- The Washington Times - Wednesday, April 20, 2005

District businessman Jonathan Ledecky yesterday formally announced his bid to buy the Washington Nationals, and he wasted little time asserting his presence among other suitors.

“We expect to be a finalist for this franchise. We will go all the way on this, and I can tell you that money will not be a factor,” said Ledecky, formerly a minority owner of the Washington Capitals. “At any of the numbers that have been out there, we will be able to clear the hurdle.”

The Nationals are expected to sell for between $275 million and $400 million.

Ledecky’s announcement of his intention to buy the Nationals, who currently are owned by Major League Baseball, provides an additional level of intrigue to an already mystery-wrapped process.

MLB executives intend to name a new owner for the Nationals by mid-summer, but they have said little about how and when the winner will be chosen.

Ledecky said New York real estate developer Marc Cohn and Boston investment firm ABRY Partners will be investors in Big Train Holdco., the new holding company named for Hall of Fame Washington pitcher Walter Johnson that will serve as Ledecky’s entity to bid for the Nationals.

Also advising Ledecky will be Citigroup Private Bank and Game Plan LLC, a Boston sports advisory firm that assisted on purchases of the Celtics and Los Angeles Dodgers, and recently was involved in a bid to buy the NHL.

This will not be Ledecky’s first attempt at owning a baseball team.

In 1998, he nearly purchased a share of the Cincinnati Reds and had designs on gaining controlling interest in the club, but his bid was matched by a group led by current Reds managing partner Carl Lindner.

Ledecky also bid on the Los Angeles Dodgers in 1998, and sought the Oakland A’s in 2002. The interest in the A’s became complicated when rumors surfaced that Ledecky wanted to move the club to his homebase of Washington.

With a team now in the District, Ledecky expects his local knowledge to aid his bid. He has spent much of the last several years focused on building the Ledecky Foundation, a philanthropic organization focused on inner-city charitable projects.

“It’s difficult to come in from the outside and make a play for a team. But here I’m on my home field, the place I’ve lived for the past 22 years,” Ledecky said.

There are seven groups known to be bidding against Ledecky: the Washington Baseball Club, led by Fred Malek and Jeffrey Zients; American Baseball Capital, led by Northern Virginia businessman William Collins III; former Atlanta sports executive Stan Kasten; Tennessee developer Franklin Haney Sr.; local developer Mark Lerner; former Seattle Mariners owner Jeffrey Smulyan; and a group including Yusef Jackson, son of Jesse Jackson, and California billionaire Ron Burkle.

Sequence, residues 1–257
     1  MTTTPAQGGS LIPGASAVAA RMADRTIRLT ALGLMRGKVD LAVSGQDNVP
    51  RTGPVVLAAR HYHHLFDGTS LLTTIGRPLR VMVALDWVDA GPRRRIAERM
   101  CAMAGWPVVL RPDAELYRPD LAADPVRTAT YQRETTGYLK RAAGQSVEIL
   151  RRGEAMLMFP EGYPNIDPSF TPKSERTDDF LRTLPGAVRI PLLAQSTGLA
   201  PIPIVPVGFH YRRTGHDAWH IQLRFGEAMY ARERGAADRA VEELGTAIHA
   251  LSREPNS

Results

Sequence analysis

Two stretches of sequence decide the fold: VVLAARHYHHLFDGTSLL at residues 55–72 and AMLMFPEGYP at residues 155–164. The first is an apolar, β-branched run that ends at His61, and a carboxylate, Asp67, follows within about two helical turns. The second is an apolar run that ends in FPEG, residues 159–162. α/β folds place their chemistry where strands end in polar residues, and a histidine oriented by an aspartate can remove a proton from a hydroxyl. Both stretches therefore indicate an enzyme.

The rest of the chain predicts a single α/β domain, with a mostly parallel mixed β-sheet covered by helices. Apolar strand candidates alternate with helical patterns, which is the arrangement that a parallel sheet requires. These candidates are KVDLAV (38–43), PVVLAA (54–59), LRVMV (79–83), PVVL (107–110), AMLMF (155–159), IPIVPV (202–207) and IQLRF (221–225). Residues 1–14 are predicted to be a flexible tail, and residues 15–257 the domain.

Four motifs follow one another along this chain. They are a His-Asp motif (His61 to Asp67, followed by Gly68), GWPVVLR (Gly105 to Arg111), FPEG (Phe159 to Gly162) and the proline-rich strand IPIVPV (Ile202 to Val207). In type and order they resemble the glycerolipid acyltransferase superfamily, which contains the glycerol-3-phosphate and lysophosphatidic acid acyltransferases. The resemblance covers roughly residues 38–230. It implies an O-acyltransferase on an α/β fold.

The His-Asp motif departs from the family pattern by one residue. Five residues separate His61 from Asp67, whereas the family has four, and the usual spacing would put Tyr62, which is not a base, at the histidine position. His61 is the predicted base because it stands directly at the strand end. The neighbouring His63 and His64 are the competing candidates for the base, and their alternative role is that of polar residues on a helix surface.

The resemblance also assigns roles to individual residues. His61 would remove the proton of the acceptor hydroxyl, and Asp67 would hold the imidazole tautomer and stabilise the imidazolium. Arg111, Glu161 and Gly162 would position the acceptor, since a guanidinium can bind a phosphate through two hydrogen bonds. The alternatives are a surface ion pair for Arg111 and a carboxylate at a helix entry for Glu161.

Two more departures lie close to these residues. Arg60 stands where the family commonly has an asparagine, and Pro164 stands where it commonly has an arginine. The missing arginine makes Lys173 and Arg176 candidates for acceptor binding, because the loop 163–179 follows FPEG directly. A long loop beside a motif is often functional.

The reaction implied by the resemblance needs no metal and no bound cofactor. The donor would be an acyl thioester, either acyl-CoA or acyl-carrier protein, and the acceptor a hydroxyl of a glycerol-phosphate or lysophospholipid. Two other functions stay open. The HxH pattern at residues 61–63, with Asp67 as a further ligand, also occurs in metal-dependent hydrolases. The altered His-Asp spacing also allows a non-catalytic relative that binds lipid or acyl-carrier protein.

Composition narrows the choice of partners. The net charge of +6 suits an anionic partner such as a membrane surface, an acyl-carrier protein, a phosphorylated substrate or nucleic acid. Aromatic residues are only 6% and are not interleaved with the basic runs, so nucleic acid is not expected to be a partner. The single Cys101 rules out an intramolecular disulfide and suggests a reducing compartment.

MLB Commissioner Bud Selig said last week a ninth group is also seeking the Nationals, but that entity has not been identified.

“These are all excellent groups, and the city is particularly blessed to have so many tremendous people locally going after this franchise,” Ledecky said. “Beyond price, it’s really going to come down to an incremental difference in how big a difference these groups can make in this community, particularly around the new stadium [in Southeast]. Baseball is such an important driver in any community, economically and socially, and I feel so strongly my group can really make a positive impact on the lives of the people in the District.”

Ledecky was a founding partner in Lincoln Holdings, the Ted Leonsis-led ownership group that in 1999 purchased the Washington Capitals and a minority stake in Washington Sports & Entertainment, Abe Pollin’s local sports empire.

Along with Leonsis, Ledecky played an influential role in the deal bringing Michael Jordan to the Washington Wizards. In 2001, Ledecky sold his 24-percent stake in Lincoln Holdings, originally worth $58 million, back to Leonsis for more than $70 million.

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